UBC Faculty Research and Publications

Understanding the sustainment of population health programmes from a whole-of-system approach Crane, Melanie; Nathan, Nicole; Bauman, Adrian; McKay, Heather Anne, 1954-; Lee, Karen; Wiggers, John; Bauman, Adrian


Background Population health prevention programmes are needed to reduce the prevalence of chronic diseases. Nevertheless, sustaining programmes at a population level is challenging. Population health is highly influenced by social, economic and political environments and is vulnerable to these system-level changes. The aim of this research was to examine the factors and mechanisms contributing to the sustainment of population prevention programmes taking a systems thinking approach. Methods We conducted a qualitative study through interviews with population health experts working within Australian government and non-government agencies experienced in sustaining public health programs at the local, state or national level (n = 13). We used a deductive thematic approach, grounded in systems thinking to analyse data. Results We identified four key barriers affecting program sustainment: 1) short term political and funding cycles; 2) competing interests; 3) silo thinking within health service delivery; and 4) the fit of a program to population needs. To overcome these barriers various approaches have centred on the importance of long-range planning and resourcing, flexible program design and management, leadership and partnerships, evidence generation, and system support structures. Conclusion This study provides key insights for overcoming challenges to the sustainment of population health programmes amidst complex system-wide changes.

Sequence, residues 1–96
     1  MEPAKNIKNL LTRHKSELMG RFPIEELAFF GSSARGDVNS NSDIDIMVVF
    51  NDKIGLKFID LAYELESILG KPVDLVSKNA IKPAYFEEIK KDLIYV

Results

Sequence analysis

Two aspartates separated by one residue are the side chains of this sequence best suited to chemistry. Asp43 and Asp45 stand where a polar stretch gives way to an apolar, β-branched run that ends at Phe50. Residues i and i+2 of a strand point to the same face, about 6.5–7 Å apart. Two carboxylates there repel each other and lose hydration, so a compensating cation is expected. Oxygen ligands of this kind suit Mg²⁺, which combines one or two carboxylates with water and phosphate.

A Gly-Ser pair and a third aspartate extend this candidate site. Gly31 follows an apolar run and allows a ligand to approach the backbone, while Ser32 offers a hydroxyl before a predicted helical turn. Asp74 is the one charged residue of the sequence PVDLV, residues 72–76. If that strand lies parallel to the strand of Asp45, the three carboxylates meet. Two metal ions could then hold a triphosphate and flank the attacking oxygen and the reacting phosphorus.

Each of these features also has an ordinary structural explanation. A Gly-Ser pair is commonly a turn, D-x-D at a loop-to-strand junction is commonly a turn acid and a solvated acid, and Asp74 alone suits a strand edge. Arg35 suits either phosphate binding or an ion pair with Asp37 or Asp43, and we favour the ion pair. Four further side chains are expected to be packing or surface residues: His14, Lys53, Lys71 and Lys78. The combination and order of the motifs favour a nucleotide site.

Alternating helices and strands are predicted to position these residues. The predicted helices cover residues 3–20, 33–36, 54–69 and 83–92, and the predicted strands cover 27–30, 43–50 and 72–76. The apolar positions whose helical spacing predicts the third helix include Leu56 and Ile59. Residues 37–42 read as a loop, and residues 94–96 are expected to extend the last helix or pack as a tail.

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Attribution 4.0 International (CC BY 4.0)